Federal officials ‘concerned’ short staffing prevented Steamboat schools from meeting special needs obligations

District entered voluntary agreement in April that requires a plan to get to adequate staffing levels

Steamboat Springs School District administration building.
John F. Russell/Steamboat Pilot & Today

Federal education officials are “concerned” the Steamboat Springs School District has not been meeting it’s obligations to special needs students due to paraprofessional staffing shortages that have persisted throughout the school year.

According to documents obtained by the Steamboat Pilot & Today, the U.S. Department of Education’s Office of Civil Rights opened an investigation in March after Ginger Johnston alleged the district has not been able to meet requirements in her son’s individualized education plan. Her son is a freshman on the autism spectrum.

Before the investigation was complete, the district offered to take voluntary action in response to Johnston’s complaint.

On April 12, Superintendent Brad Meeks signed a resolution agreement that requires the district to outline how it plans to return to adequate staffing levels for students with disabilities, among other steps.

“We feel comfortable that day in and day out we were meeting the IEPs,” Meeks said. “It’s about helping the students in the end. Even though we felt that the IEPs were being met, obviously there was disagreement there, and so let’s sit down, convene the IEP team and find out what areas the team feels the student needs more assistance and we’ll work to provide it.”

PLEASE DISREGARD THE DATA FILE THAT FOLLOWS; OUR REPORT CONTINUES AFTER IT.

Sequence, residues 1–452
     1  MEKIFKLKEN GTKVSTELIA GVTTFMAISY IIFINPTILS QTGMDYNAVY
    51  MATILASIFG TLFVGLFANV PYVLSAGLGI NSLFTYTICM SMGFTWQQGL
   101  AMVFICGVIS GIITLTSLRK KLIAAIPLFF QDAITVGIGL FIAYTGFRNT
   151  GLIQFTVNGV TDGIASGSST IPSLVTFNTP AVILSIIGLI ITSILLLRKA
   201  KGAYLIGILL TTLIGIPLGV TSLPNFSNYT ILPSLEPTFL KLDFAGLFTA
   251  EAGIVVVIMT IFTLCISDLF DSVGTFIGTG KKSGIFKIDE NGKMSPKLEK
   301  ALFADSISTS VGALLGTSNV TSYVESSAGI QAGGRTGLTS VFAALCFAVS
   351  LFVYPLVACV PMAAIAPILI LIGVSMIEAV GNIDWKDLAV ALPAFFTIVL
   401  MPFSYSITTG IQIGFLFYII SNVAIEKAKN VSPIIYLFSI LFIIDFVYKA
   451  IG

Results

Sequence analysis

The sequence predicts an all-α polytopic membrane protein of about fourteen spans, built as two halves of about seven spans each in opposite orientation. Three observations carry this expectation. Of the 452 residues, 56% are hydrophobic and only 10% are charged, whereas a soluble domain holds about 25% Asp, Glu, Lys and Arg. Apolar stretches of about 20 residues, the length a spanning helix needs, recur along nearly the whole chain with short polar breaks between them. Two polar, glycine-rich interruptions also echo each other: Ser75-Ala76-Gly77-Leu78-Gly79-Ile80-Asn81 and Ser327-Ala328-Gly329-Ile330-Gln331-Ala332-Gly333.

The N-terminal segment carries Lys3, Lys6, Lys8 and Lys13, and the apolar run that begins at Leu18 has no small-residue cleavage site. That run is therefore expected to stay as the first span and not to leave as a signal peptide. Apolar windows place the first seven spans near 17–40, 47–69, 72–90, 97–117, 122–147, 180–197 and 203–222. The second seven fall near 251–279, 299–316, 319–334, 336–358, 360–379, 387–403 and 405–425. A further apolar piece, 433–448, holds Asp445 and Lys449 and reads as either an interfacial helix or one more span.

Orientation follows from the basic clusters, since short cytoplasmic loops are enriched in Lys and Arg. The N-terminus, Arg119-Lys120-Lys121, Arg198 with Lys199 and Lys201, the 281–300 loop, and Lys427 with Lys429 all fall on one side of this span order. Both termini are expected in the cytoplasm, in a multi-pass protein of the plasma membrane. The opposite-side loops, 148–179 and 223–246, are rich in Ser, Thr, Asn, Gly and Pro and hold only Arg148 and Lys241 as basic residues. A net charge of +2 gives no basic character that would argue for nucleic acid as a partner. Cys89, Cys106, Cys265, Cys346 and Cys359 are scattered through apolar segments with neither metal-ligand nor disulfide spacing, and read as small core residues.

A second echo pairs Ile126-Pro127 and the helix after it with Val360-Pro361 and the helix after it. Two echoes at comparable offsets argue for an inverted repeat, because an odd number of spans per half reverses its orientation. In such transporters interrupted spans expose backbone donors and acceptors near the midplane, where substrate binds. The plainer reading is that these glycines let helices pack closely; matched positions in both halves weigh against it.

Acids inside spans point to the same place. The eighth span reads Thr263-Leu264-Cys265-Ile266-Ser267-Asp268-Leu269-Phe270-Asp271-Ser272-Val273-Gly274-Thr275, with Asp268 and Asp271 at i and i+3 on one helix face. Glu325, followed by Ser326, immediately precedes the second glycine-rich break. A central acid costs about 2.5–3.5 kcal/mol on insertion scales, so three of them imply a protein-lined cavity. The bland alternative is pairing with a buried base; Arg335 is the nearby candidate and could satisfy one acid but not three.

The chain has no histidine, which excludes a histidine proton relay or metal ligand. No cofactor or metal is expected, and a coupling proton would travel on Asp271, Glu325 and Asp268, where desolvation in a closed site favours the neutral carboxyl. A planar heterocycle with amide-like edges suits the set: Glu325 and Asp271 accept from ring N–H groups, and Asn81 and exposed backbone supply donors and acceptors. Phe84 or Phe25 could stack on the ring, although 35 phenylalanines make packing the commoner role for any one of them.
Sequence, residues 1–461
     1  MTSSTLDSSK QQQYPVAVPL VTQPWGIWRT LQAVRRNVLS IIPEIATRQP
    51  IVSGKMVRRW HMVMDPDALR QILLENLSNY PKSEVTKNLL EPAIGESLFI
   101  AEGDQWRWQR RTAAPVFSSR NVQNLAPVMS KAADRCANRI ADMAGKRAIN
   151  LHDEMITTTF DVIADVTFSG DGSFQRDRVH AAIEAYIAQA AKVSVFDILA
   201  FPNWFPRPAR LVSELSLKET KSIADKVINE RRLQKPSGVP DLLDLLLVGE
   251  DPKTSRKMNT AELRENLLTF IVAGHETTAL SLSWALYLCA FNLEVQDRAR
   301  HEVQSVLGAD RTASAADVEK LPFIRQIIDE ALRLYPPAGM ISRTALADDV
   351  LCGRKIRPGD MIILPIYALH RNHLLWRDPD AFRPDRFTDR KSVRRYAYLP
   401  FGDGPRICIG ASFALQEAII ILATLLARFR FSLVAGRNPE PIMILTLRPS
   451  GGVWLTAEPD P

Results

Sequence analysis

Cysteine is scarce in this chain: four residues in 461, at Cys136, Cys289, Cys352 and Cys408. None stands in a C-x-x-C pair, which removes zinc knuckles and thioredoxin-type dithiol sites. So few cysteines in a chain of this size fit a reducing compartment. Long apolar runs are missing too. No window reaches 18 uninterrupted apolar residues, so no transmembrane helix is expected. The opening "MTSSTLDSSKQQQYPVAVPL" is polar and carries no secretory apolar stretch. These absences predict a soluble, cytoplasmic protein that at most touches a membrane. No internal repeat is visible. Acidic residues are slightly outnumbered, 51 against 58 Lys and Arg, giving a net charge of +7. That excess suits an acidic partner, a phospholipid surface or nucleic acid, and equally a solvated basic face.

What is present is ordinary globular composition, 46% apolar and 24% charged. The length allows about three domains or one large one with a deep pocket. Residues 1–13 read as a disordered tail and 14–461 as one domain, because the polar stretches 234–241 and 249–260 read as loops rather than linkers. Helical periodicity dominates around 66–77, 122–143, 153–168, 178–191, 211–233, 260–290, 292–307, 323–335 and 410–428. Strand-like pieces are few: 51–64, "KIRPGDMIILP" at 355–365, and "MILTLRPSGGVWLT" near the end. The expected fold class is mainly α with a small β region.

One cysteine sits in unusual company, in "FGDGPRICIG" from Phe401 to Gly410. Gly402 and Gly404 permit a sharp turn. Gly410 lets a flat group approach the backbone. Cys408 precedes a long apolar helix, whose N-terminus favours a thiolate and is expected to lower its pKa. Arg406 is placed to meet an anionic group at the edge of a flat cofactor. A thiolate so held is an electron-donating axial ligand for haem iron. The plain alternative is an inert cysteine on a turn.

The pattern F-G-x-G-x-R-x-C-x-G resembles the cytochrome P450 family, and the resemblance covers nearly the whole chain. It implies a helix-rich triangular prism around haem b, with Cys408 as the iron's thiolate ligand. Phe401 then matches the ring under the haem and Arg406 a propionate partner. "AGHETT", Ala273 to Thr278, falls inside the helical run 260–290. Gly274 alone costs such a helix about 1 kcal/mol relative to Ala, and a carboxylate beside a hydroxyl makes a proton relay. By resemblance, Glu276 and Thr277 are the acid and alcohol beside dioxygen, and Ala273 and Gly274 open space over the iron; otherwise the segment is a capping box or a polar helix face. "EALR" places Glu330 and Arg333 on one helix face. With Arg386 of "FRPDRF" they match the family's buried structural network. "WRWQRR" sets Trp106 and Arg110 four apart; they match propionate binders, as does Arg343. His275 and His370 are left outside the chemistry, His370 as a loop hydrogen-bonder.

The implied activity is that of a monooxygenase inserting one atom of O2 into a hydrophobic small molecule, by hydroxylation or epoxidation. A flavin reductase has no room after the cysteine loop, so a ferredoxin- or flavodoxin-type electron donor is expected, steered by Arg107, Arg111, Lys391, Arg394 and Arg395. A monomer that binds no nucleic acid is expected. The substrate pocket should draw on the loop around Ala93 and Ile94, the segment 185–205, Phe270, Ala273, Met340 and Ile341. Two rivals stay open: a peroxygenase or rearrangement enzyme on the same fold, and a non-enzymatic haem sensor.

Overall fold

The agreement is not an admission of any wrongdoing by the district and does not make a determination about whether IEPs were met. The investigation was stopped when the agreement went in place.

Still, in a letter to Johnston outlining the case, Jason Langberg, the team leader on the case, said the number of staff compared to what was required was cause for concern.

“(The Office of Civil Rights) is concerned about whether the district was able to provide a (free, appropriate, public education) to all students in the classroom,” Langberg wrote.

The agreement, which was drafted by federal officials and agreed to by the district, also compels the district to offer a meeting to the families of all 10 students in Steamboat Springs High School’s special needs classroom to discuss whether IEPs were met this school year.

Anne-Marie Tennyson, the district’s director of exceptional student services, said four families have taken the district up on this offer, and the meetings are in the process of being set up.

If it is determined an IEP was not met in those meetings, the district will create a plan to provide compensatory services to the student at no charge, according to the agreement.

The Office of Civil Rights will continue to monitor the district’s progress on the agreement until it determines no further reporting is required.